A pensioner has started a 14-month jail term – his second stretch behind bars for child sex abuse.
Mohammed Bashir, now 74, a former Nelson cafe owner, molested the little girl over four years about three decades ago.
He had “engineered” chances to be alone with the victim and had fondled her, undressed her, exposed himself and simulated sex with the child, Burnley Crown Court heard.
Bashir had then gone to Pakistan for several years after his sordid campaign, and when he came back he targeted another little girl and abused her. The defendant was sent to prison for 15 months in 1986, after being convicted of indecently assaulting the second victim.
Bashir, of Albert Street, Nelson, recently admitted two counts of indecent assault against the first girl. He was also ordered to sign the sex offenders’ register for 10 years. Judge Simon Newell told him: “It was a serious form of indecent assault and it’s aggravated because of the girl’s age.”
Jeremy Lasker, prosecuting, told the hearing: “It’s plain, say the crown, that the victim found it difficult over the years to come to terms with the abuse she had suffered.” He said she first made a complaint to the police 10 years ago, but felt unable to pursue the allegations at that time because she feared her health. The woman later renewed her complaint and was interviewed in January, 2009.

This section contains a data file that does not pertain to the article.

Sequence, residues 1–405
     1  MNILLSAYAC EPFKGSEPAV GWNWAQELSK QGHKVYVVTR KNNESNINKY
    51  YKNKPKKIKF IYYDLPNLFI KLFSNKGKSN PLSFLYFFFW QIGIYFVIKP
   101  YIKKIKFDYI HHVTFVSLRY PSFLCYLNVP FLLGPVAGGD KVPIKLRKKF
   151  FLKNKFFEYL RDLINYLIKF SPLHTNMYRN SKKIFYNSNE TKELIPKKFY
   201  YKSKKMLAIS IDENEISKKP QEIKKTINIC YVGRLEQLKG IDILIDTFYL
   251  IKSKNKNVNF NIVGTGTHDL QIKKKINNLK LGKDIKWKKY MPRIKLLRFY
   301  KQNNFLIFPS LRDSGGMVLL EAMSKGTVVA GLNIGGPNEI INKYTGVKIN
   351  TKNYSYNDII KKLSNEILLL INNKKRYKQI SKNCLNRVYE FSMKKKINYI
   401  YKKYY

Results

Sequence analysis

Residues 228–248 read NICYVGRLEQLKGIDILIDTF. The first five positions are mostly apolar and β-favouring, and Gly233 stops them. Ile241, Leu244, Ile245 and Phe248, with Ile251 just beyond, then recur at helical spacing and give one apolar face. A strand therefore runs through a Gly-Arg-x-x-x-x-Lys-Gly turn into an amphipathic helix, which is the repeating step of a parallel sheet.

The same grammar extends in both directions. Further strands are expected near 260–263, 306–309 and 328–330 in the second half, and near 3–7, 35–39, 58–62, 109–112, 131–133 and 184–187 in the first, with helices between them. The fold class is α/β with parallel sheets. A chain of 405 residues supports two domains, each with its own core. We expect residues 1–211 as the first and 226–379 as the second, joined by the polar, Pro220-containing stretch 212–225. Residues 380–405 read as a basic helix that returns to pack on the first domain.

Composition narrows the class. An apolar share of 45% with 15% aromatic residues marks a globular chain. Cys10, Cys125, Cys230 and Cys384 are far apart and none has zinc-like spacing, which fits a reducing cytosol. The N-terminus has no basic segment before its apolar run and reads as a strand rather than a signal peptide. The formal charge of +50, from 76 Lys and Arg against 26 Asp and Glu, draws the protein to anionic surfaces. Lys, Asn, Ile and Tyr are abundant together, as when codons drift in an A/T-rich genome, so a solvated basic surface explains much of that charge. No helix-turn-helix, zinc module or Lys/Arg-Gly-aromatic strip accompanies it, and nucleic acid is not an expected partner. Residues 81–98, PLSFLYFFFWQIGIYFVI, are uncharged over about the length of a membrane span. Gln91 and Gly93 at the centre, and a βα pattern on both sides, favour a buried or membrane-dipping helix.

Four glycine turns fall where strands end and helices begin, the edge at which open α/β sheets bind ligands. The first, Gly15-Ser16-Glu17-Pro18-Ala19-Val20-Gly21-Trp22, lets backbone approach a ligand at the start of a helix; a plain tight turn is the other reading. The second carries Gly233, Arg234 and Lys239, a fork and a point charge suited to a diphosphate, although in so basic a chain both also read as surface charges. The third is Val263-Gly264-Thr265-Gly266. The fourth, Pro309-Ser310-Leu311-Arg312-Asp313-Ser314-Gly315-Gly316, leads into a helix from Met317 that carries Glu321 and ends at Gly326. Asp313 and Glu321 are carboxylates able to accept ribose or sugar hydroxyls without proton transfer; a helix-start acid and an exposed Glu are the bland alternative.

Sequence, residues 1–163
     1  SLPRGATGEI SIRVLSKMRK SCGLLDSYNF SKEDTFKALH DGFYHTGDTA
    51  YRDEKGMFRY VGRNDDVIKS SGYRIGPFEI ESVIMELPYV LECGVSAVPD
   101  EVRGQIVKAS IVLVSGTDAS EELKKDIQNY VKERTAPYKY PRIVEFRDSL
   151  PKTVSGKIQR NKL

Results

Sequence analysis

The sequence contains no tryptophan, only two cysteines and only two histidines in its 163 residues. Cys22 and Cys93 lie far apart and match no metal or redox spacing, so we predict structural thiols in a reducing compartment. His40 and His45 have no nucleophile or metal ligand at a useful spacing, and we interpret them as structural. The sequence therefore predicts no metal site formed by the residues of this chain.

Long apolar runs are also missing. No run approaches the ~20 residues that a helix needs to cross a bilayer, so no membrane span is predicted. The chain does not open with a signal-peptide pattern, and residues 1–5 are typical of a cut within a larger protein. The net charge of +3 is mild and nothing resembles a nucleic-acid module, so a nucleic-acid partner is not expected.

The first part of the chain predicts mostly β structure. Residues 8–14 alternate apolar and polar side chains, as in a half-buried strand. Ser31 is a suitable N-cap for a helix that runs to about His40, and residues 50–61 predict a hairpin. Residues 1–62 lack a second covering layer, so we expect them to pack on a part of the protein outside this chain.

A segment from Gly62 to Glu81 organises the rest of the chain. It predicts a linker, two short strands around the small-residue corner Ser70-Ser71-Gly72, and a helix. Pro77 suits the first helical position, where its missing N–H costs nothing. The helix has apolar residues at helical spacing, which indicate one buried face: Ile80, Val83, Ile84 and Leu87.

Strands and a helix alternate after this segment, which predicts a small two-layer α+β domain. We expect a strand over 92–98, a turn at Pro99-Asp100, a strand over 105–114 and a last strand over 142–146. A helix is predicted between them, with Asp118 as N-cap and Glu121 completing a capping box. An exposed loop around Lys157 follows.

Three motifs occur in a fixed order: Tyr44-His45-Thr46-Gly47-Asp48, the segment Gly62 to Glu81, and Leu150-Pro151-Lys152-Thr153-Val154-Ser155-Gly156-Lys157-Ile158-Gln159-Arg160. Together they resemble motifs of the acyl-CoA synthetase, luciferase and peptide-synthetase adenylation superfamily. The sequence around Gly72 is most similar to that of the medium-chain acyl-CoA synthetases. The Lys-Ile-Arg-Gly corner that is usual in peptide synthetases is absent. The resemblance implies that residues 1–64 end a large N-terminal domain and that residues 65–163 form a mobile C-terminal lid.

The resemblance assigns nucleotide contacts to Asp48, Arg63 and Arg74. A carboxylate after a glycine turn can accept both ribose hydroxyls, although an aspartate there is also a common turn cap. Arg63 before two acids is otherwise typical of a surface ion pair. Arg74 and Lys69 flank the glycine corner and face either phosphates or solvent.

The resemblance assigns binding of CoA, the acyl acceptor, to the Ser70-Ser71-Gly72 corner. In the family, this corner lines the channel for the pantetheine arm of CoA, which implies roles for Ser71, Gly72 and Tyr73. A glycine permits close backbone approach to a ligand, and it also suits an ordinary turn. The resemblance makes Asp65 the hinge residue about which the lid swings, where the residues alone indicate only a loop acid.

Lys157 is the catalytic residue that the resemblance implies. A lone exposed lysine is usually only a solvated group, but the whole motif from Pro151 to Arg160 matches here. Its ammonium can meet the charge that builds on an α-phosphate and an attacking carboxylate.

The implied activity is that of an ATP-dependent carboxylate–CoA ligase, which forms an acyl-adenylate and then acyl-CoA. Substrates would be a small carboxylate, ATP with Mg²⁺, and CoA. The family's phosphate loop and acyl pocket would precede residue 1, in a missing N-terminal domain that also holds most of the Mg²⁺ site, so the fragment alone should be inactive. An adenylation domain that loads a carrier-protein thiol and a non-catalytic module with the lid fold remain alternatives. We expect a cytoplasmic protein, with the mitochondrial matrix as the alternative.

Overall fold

The victim, who lived in the Nelson area at the time of the offences, was to tell police Bashir would cuddle her and give her sweets and treats.
His actions then turned more sinister and he stroked her, removed her underwear, touched her, took off his own clothes and simulated sex with her. The indecency took place at houses in Nelson and Brierfield.
Mr Lasker said the victim would say she had tried to take her own life and had started getting into trouble. She felt it was a lot to do with the abuse she had suffered. She told police: “I wanted to tell somebody, but I couldn’t because I was scared.”
The defendant was arrested and questioned under caution in August 2009. He denied any indecency. Mr Lasker said the victim was still suffering the effects of what had happened to her. She had self-harmed, had problems with drink and was on anti-depressants.
Martin Hackett, for Bashir, said his family was supportive of him. He had not been in trouble since he appeared on court in 1986.
Mr Hackett said: “It is serious behaviour, I accept. He was between 40 and 45 and he is now 74.”
The barrister added: “The references from his family show he is cared about and held in high regard.”